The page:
Battling Job Rejection

December 28th, 2010 | Job Search | 1 Comment »

Logically, you know that most adults have experienced job rejection, and you know it’s just part of the process whether or not the economy is weak or strong. And you know deep down that it’s nothing to take personally. But none of this stops that little voice in your head, sizzling with anger and irritation, feeding your stress, and generally beating you up about the latest rejection.

So this is a pep talk. Take that rejection by the horns, give it a good shake, and then breath and read on.

The Vicious Cycle

If job rejections are getting you down, chances are you’re stuck in a vicious cycle. When you take that depressed and negative attitude to a job interview, your interview performance will suffer and you’ll be facing another rejection. Which makes you more depressed and negative, just in time for the next interview. And so on.

A negative attitude really does affect your interviewing skills, drain your energy and passion, and lower your confidence, which are all things interviewers are looking for. The longer you hold onto the depression, anger, and frustration of job rejections, the harder it will be and the longer it will take to break out of the cycle. Read more about tackling the job search blues in our previous post here.

Not a Science

The easiest way to convince yourself not to take rejection personally is to fully realize that the rejecters are human and that hiring is not an exact science. The factors behind their decision are beyond your control, maybe even beyond their control, or maybe they even made a mistake. They’re probably reading hundreds of resumes a day and conducting tens of interviews a week, and it’s easy to lose some candidates in the masses or accidentally confuse you with someone who has the same last name. Or there could be too many cooks in the kitchen and someone carelessly misplaced your resume.

There could be any number of reasons why the fallible process of hiring failed you. Instead of chasing the culprits down with a stick and pouring your heart out, let it go and move on. It’s the healthiest option for everyone.

Bigger, Better Fish

A job rejection is a blessing in disguise. What if they didn’t think you’d be a good fit but had chosen you anyway? Chances are, they were right in the first place and you would have been miserable, trying to fit in somewhere it turns out you hate. Ultimately, if they don’t want you, then you shouldn’t want them. End of story. Take solace in the fact that this job rejection just saved you a ton of future unhappiness. Plus, you’ve now successfully narrowed down your search for the job that will bring you the most happiness.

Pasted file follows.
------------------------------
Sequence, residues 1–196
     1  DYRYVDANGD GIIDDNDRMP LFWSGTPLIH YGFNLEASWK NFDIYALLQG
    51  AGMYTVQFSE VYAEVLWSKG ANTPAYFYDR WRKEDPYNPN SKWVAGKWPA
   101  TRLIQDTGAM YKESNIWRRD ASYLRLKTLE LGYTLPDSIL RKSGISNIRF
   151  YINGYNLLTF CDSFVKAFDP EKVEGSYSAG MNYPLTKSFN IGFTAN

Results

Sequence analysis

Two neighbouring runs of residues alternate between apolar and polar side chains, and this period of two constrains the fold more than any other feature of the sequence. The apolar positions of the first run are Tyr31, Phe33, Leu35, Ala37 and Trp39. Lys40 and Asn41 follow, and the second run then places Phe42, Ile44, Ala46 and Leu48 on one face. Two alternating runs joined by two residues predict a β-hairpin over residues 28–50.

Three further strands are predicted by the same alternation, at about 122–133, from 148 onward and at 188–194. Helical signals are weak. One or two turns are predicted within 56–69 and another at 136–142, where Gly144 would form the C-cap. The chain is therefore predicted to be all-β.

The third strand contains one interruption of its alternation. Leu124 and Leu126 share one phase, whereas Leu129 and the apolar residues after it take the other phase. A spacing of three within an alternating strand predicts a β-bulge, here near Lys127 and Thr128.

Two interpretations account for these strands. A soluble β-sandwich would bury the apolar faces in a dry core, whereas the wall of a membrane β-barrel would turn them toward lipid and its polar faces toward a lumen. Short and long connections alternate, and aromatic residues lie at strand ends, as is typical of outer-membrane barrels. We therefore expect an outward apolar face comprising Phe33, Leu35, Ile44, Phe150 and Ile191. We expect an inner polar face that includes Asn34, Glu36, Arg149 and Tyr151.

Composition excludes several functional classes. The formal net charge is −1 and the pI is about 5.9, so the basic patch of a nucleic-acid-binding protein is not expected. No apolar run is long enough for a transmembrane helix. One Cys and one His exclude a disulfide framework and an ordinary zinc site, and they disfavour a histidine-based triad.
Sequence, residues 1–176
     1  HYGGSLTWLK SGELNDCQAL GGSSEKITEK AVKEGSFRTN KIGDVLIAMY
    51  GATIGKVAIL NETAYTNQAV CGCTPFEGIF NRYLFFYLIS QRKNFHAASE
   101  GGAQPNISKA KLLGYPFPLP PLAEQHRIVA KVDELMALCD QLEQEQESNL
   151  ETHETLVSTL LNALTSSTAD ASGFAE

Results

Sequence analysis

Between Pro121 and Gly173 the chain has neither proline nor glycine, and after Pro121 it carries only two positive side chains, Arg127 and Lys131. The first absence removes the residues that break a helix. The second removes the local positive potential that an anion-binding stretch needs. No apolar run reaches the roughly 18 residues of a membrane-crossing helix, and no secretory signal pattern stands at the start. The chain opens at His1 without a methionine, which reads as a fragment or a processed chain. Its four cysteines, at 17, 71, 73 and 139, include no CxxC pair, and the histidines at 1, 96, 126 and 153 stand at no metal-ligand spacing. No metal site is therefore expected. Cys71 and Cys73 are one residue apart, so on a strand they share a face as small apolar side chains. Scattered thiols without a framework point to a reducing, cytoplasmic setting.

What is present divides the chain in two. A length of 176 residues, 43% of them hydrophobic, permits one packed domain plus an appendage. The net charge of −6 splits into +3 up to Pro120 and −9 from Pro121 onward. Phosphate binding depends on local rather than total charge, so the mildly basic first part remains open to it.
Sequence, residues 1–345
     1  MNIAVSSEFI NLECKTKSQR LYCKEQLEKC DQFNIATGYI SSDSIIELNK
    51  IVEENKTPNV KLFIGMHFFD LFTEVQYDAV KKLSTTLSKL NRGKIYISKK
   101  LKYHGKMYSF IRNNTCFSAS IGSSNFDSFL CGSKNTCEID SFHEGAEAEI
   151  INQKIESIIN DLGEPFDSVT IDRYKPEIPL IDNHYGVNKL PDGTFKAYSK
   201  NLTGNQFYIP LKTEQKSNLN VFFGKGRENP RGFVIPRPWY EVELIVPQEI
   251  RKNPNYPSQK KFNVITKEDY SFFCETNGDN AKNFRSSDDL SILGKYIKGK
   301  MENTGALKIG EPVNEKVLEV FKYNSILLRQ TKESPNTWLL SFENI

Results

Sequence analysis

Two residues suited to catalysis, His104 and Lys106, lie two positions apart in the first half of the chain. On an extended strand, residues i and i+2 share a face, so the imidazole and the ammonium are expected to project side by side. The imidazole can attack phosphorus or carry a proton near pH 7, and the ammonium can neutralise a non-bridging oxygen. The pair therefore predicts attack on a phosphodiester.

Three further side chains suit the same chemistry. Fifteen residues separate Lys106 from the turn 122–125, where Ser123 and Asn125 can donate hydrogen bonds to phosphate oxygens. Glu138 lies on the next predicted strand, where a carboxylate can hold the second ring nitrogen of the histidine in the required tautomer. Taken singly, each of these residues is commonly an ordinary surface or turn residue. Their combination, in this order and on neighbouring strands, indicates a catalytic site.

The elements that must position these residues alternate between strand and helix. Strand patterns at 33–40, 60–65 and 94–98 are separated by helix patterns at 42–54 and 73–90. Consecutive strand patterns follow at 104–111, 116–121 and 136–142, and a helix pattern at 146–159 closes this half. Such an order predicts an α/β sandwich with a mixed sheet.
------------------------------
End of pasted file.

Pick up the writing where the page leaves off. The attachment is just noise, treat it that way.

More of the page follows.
Don’t Be a Stalker

But do try to get feedback from your interviewer. Shoot them an email or give them a call, and politely ask if they could give you some feedback about your interview and candidacy. Some companies and hiring managers won’t be willing to provide feedback, but some will, and what they say can be valuable.

Thank them for their time, and learn what you can from what they said. Maybe you just weren’t what they were looking for, but maybe it’s because your body language appeared disinterested. Or maybe your answers seemed too rehearsed or too desperate, over enthusiastic or unprofessional. Their perspective could give you brand new insight about the way you act in interviews. So learn from their comments and apply your lessons in future interviews.

The Bottom Line

Rejection is inevitable, so take it in stride. Don’t let it get you down, and don’t take it personally. Thank rejection for leading you to better opportunities, and learn from your mistakes. Focus on your strengths, and you’ll bounce back in no time. End of pep talk.

Clare Saumell – Marketing Director at Ashley Ellis

Related Links

Job Searching Burnouts: 24 Ways to Refuel Yourself

Your negative attitude just cost you your dream job!
Mind the Gap: 4 Ways to Banish Employment Gaps

One Response to “Battling Job Rejection”

  1. Evan says:

    What is often daunting are issues that resurface in the interview and pre-screening process that did not happen prior to this tough job market. Employers now hold applicants accountable for the time they were not employed -they want insurance that the applicant has not been idle and involved in some way with their field of expertise even if they were unable to find work through normal channels. One might turn to freelancing or volunteering if possible, however be ready to be asked which specific tasks were performed and what the end result was. Often companies in the past would have tried to find people with a number of skill sets -now they ask for more as if they wish to hire one person that can do two jobs. It is difficult to convince a prospective employer or a pre-screener even that if you have leaned a new skill that was holding you back from getting hired before -that there is no reason you are not up to the task just because you haven’t the field experience to in that skill set and the work samples in some cases to show for it. Add to this if an applicant is worried about losing their home all the while it is very hard to stay focused. Personally I have taken on volunteer projects where to attract people to me so I can test my new skills out on them and add this experience and gain referrals and even some business. The best advice is really take on a stoic attitude and keep trying -and remember there was a time when you were working, you were valued, and you were there because you are good at what you do!